On 24 December the number two lifeboat was wrecked while proceeding to the assistance of the ss Palme of Finland, the whole of her crew, 15 in number, drowned.  Their names were John Baker, John Bartley, Edward Crowe, Thomas Dunphy, William Dunphy, Francis McDonald, Edward Murphy, Patrick Power, James Ryan, Francis Saunders, George Saunders, Edward Shannon, Henry Underhill, Alexander Williams and Henry Williams.  The accident was due to the lifeboat capsizing when about 600 yards from the distressed vessel and, although every effort was made to render help to the lifeboat and to the Palme, nothing could be done.  The number one lifeboat also put out with only a crew of nine and obtained six further volunteers from HMS Melampus.  She also capsized under sail but fortunately all regained the lifeboat.

Gold Medal awarded to Thomas McCombie, Captain of the ss Tearaght, for rescuing on 26 December the crew of the Palme, 20 people in all.  The Tearaght anchored ahead of the wreck and lowered her port lifeboat with the Captain, his 15 year old son, and eight crewmember on board, in two trips they saved the Master, his wife and child and 17 crew.


Lifeboat house for number two lifeboat constructed at a cost of £2,350.


Committee of Management voted £25 to widow of Second Coxswain Patrick Crowe, alleged to have died of consumption contracted through exposure on service.


Water laid on to No 1 lifeboat house.


Number one station closed.


Alterations to lifeboat house and slipway for proposed motor lifeboat carried out at a cost of £1,550.


Motor lifeboat first provided for station.


A Centenary Vellum awarded to station.


The Thanks of the Institution inscribed on Vellum was accorded to Acting Second Coxswain W Kelly, who was in temporary command, when the Kingstown lifeboat saved forty-five lives when the mv Bolivar, a Norwegian vessel, was wrecked on the Kish Bank seven and a half miles from Kingstown and broke in two in an east-north-easterly gale with a very rough sea on 4 March.  The Howth lifeboat was also on scene and standing by.  The owners gave one hundred guineas each to the crews of the Kingstown and Howth lifeboats, and fifty guineas to the funds of the Institution.  The gifts and Vellum were presented by Lord Mountevans (Evans of the Broke) who was himself rescued from the Bolivar by Kingstown lifeboat.


The lifeboat launched to the harbour launch that had capsized; the lifeboat was unable to render any assistance.  The three occupants were drowned, one was the Harbour Master and Institution’s honorary secretary, Captain R S Kearon.


Bronze Medal awarded to Coxswain/Mechanic Eric Offer for rescuing two men whose dinghies had capsized at the coal harbour, Dun Laoghaire, in a heavy rain squall and intense darkness on the night of 15 June 1969.  For this service he was also presented with the Maud Smith Award for the bravest act of life-saving in 1969 (jointly with Coxswain Sheader of Scarborough).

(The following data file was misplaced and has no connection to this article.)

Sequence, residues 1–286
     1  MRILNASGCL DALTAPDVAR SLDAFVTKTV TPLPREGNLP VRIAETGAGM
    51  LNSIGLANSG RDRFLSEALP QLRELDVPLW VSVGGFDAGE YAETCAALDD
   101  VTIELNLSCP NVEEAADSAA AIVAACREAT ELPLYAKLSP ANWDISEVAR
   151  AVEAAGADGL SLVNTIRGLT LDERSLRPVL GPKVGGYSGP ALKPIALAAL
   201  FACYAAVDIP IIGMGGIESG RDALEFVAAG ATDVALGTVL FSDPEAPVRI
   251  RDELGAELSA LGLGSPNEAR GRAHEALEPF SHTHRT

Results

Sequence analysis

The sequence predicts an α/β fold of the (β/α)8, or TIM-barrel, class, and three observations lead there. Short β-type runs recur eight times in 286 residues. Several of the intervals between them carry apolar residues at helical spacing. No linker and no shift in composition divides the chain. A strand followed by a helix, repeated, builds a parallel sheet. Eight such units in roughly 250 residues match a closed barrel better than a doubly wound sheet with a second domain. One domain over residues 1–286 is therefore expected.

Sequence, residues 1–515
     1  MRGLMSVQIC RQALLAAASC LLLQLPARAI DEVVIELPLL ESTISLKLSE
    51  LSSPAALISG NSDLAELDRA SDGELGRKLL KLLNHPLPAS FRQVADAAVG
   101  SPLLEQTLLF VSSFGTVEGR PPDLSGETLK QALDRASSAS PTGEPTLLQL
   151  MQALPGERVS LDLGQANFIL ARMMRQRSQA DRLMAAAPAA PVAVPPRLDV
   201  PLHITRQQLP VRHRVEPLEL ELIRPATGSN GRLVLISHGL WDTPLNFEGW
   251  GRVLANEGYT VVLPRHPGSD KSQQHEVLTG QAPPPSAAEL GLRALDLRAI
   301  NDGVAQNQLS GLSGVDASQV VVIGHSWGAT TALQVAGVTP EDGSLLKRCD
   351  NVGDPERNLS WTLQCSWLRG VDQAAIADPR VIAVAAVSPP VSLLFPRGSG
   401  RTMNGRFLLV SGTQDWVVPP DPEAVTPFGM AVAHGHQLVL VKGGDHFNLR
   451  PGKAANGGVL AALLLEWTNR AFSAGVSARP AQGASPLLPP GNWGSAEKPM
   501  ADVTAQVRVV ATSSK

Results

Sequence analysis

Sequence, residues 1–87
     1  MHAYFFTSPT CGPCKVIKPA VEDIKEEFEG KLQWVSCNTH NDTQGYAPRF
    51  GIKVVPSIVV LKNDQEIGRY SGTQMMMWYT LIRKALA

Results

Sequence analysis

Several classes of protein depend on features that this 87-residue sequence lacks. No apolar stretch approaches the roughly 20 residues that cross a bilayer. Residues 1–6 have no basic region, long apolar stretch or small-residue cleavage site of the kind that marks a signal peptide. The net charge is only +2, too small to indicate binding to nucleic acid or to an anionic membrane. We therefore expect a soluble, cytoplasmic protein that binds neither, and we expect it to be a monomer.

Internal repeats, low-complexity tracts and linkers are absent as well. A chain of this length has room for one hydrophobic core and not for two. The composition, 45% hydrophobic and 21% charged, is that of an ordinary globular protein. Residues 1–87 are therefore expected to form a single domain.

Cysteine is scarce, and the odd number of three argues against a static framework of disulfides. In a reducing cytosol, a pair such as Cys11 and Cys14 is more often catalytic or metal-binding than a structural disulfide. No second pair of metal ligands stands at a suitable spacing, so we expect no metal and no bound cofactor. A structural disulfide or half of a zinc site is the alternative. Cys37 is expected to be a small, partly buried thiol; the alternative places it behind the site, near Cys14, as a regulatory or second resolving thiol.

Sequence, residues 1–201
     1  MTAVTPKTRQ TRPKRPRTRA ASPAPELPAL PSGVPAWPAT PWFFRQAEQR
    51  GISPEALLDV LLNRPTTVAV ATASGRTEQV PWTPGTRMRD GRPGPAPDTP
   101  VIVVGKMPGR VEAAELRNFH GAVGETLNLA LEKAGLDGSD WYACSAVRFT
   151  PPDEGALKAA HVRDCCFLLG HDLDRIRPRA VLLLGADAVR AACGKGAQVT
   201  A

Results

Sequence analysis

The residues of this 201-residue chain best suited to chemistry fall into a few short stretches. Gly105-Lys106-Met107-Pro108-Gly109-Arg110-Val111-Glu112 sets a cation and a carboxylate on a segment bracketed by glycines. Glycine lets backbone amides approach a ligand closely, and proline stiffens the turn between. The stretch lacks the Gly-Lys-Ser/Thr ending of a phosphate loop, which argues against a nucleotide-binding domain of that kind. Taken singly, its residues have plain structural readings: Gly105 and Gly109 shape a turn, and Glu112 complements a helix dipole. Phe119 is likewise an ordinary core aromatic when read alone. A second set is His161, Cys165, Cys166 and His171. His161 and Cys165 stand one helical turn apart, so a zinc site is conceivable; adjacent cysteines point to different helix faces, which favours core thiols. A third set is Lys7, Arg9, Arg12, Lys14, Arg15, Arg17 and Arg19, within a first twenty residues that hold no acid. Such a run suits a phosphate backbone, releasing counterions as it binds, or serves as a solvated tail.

A 150th Anniversary Vellum presented.


 A special certificate on Vellum was awarded to Dr Niall L Webb, honorary medical adviser, recording the Committee of Management’s gratitude when he proceeded in the lifeboat John F Kennedy in a strong wind and a rough sea on 14 October and, in spite of a recent serious leg injury, effected a difficult and arduous transfer between lifeboat and the Norwegian motor vessel Blix where he attended an injured man who was subsequently landed by the lifeboat.


D class inflatable lifeboat placed on station on 22 March.


The Thanks of the Institution inscribed on Vellum was accorded to Mr Eamon O’Leary in recognition of his seamanship, determination and first aid rendered when on 7 August he rescued single-handedly five men, one who had suffered a heart attack, and a young boy from a capsized dinghy two miles south-south-east of Dalkey Island.  In a south-westerly gentle breeze but with a wind over tide situation which created confused seas, Mr O’Leary in his 18ft fishing boat, hauled the exhausted survivors on board, administered first aid and in his over-loaded boat, which was at times shipping water, made best possible speed in the direction of the nearest point where he safely landed the survivors, and sent the fittest casualty for an ambulance, whilst he continued to tend the unconscious man who had suffered a heart attack.


A new Trent class lifeboat ON1200 Anna Livia was placed on service 29 June 1995.  The lifeboat was funded by the proceeds of the Dublin Bay Lifeboat Fund together with other gifts and legacies. The Waveney class lifeboat has been withdrawn.


The new D class lifeboat D731 Realt Na Mara was placed on service on 10 June. D532 has been withdrawn.